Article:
John Monash and the end of World War One
Today marks exactly 100 years since General Monash successfully forced the German army into retreat, in what was the turning point of the battles on the Western Front in World War One.
Monash meticulously planned the strategies for the Allies at Le Hamel, a village near Amiens in western France. Such was the detail that he predicted victory within 90 minutes. In fact, it took 93.
Just prior to this event, Monash had become commander of all five Australian divisions.
The battle of Hamel provided the ideal opportunity to implement all his theories about modern warfare.
Aided by the recent arrival of American troops, the AIF took the Germans by complete surprise just before dawn.
With a combination of British tanks, hundreds of aeroplanes and lines of artillery, the Germans were completely overwhelmed.
Monash had invented the blitzkrieg, a German term for “lightning war.”
Blitzkrieg is a military tactic designed to create disorganisation among enemy forces, through the use of mobile forces and locally concentrated firepower.
Its successful execution resulted in shorter military campaigns, which now preserves human lives and limits the expenditure of artillery.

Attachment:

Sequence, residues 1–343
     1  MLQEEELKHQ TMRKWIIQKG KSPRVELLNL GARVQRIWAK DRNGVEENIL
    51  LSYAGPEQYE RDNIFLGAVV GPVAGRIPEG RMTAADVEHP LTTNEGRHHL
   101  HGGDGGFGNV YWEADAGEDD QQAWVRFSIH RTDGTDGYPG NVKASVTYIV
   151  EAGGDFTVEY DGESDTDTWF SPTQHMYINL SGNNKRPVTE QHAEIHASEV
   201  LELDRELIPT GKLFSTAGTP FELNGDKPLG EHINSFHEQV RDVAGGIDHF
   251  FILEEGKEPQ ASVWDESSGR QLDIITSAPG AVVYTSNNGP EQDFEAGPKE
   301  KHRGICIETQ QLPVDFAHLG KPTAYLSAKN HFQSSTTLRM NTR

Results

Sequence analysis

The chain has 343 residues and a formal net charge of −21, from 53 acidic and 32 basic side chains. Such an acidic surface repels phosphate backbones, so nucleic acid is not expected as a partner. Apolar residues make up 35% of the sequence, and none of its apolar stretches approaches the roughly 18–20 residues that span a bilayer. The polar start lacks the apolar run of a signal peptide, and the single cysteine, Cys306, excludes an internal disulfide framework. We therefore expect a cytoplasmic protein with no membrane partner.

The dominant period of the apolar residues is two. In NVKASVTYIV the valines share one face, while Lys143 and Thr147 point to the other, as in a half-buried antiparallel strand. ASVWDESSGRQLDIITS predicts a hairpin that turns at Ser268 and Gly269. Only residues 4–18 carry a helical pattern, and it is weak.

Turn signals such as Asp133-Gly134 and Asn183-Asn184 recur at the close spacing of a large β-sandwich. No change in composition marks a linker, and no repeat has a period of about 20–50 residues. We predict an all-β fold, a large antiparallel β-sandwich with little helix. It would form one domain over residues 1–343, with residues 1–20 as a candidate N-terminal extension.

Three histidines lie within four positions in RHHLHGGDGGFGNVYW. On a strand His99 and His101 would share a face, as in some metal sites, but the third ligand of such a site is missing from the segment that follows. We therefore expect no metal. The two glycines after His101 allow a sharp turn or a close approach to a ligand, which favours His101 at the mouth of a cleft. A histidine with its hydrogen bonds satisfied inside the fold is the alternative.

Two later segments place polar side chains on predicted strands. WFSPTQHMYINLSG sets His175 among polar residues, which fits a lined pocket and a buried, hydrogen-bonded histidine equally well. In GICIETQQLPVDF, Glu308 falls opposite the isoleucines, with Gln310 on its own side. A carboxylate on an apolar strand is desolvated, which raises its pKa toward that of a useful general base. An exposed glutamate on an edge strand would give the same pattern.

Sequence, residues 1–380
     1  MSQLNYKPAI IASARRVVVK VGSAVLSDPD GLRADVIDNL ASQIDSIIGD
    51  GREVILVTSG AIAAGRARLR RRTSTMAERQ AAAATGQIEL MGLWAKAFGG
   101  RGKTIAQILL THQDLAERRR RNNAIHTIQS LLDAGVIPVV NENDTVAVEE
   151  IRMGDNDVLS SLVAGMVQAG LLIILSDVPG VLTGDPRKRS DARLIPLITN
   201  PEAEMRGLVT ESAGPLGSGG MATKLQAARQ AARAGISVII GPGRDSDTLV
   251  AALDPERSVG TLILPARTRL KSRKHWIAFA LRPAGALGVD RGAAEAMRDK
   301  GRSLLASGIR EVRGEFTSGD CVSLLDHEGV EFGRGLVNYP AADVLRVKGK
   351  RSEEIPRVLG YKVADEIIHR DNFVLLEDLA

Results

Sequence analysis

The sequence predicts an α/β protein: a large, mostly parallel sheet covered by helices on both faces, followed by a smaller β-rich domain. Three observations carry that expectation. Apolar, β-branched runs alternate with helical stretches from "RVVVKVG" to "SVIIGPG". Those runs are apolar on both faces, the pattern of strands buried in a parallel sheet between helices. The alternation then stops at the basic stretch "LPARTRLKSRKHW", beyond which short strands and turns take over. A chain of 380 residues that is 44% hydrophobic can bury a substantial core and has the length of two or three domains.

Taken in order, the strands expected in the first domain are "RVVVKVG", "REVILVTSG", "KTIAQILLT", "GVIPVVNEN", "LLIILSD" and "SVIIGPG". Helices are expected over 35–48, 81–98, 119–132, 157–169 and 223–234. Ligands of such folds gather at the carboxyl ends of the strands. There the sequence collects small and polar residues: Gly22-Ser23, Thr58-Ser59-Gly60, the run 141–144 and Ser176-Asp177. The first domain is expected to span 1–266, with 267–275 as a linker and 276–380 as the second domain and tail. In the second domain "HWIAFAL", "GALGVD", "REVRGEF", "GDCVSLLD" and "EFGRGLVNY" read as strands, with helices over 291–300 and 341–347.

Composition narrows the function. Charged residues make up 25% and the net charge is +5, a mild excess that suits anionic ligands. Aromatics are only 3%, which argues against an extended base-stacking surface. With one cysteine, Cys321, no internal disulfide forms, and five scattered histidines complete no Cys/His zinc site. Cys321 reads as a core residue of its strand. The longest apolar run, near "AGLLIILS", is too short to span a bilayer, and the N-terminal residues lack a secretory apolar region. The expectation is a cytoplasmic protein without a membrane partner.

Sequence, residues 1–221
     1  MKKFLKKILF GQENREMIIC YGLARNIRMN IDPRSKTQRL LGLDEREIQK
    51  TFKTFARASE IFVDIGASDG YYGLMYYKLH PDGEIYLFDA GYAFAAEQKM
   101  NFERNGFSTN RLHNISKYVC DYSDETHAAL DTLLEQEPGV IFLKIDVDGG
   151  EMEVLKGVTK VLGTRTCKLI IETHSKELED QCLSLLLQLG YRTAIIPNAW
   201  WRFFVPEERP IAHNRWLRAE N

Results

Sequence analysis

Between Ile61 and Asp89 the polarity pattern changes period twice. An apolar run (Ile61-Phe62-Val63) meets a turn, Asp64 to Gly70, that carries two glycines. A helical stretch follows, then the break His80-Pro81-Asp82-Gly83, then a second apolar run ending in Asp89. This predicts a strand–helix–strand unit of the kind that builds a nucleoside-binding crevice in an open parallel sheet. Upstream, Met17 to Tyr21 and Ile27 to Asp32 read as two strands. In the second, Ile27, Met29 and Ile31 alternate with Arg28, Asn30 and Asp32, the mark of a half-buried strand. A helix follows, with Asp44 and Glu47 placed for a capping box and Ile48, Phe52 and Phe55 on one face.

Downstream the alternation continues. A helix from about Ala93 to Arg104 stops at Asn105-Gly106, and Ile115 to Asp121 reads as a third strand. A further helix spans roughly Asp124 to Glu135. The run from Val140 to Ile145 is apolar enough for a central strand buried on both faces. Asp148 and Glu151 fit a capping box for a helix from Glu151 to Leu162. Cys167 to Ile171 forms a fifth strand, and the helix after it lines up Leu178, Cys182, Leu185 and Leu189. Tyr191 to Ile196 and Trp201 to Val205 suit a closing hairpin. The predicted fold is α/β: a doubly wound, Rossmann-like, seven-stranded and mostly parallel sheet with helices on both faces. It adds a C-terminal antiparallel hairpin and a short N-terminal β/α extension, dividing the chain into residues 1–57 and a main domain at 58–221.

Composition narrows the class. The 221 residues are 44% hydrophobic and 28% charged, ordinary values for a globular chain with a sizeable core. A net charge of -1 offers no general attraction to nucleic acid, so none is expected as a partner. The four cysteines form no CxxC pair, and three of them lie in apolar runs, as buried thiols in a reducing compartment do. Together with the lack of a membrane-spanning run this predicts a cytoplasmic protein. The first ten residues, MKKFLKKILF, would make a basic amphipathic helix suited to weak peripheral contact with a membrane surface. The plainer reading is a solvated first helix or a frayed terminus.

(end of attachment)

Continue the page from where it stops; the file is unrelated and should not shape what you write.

This war strategy was imitated by Hitler during World War Two.
The impetus and genius of this battle plan was for the preservation of soldiers’ lives.
Le Hamel demonstrated what could be achieved with visionary and thorough planning.
Previously, battles consisted of heavy artillery bombardments of enemy lines, which had the effect of alerting the enemy to their presence, and causing the slaughter of thousands of men.
Gone were the days of men ‘going over the top’ of trenches, only to be mown down by machine guns.
It became the standard template for the remaining battles in World War One.
Le Hamel was the first battle planned and implemented by Australia. Monash had no other plan but to win, and his strategies shortened the war.
Monash’s innovative battle strategies changed everything, on 4th July 1918.
The Yarrawonga Mulwala Pioneer Museum in Mulwala has a temporary exhibition on the many contributions made by John Monash, in both wartime and civil life.
Visiting hours for the museum are Wednesday to Sunday from 1pm to 4:30pm.
General John Monash successfully turned the point of battles on the Western Front exactly 100 years from today.
The Australian Corps Memorial at the village of Le Hamel, 17 kilometres east-north-east of Amiens.